Most important, biblical eldership guards and promotes the preeminence and position of Christ over the local Church. Jesus left His disciples with the precious promise that "'where two or three have gathered together in My name, there I am in their midst'" (Matt. 18:20). Because the apostles knew that Jesus Christ, by the Holy Spirit, was uniquely present with them as Ruler, Head, Lord, Pastor, Master, Overseer, High Priest, and King, they chose a form of government that reflected this distinctive, fundamental, Christian truth. This concept was no theoretical idea to the early Christians--it was reality. The first churches were truly Christ-centered, Christ dependent churches. Christ alone provided all they needed to be in full fellowship with God and one another. Christ's person and work was so infinitely great, final, and complete that nothing--even in appearance--was to diminish the centrality of His presence among and sufficiency for His people.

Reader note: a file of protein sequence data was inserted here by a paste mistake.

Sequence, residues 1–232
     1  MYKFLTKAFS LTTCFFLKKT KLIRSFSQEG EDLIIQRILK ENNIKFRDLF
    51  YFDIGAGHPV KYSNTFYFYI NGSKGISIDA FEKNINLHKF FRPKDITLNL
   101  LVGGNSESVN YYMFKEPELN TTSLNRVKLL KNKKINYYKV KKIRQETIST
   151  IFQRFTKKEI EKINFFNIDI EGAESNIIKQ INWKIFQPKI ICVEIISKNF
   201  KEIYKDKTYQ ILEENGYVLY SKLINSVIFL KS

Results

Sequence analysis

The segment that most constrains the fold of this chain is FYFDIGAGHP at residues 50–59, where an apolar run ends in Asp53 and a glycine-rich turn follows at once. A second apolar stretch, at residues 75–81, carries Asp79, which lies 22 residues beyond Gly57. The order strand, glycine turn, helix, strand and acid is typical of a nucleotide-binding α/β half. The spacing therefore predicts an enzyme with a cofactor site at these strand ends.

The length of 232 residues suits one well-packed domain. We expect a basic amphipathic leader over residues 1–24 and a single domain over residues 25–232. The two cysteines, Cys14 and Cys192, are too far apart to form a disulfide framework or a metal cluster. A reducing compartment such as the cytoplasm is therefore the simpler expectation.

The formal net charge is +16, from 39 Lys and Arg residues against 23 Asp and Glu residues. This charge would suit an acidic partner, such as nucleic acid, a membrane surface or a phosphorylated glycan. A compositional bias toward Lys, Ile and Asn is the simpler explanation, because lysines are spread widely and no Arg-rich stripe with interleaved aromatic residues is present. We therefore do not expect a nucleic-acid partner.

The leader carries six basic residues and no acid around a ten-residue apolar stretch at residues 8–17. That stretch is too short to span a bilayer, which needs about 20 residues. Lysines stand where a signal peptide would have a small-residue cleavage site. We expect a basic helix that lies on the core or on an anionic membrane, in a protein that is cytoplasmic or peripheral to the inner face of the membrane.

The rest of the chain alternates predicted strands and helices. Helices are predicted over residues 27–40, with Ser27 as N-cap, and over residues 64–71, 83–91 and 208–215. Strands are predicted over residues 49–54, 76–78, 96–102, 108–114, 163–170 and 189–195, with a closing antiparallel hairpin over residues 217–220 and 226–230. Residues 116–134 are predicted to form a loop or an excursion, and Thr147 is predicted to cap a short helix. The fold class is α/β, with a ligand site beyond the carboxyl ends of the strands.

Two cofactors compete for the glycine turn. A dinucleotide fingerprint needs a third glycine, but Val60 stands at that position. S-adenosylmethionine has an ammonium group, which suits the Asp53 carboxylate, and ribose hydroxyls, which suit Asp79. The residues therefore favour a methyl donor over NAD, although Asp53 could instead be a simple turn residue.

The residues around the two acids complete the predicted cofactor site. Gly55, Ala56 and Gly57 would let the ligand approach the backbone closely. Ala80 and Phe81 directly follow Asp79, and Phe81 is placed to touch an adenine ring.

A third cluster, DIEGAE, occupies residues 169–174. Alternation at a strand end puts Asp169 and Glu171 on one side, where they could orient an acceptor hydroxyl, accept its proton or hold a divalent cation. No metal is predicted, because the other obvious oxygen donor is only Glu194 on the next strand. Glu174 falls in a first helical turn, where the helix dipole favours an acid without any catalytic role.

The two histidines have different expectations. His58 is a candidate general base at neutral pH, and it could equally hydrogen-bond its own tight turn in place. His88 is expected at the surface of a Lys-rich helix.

So in the first century, no Christian would dare take the position or title of sole ruler, overseer, or pastor of the church. We Christians today, however, are so accustomed to speaking of "the pastor" that we do not stop to realize that the New Testament does not. This fact is profoundly significant, and we must not permit our customary practice to shield our minds from this important truth. There is only one flock and one Pastor (John 10:16), one body and one Head (Col. 1:18), one holy priesthood and one great High Priest (Heb. 4:14ff.), one brotherhood and one Elder Brother (Rom. 8:29), one building and one Cornerstone (1 Peter 2:5ff.), one Mediator, one Lord. Jesus Christ is "Senior Pastor," and all others are His undershepherds (1 Peter 5:4).
I feel very blessed to attend a local church that practices biblical eldership.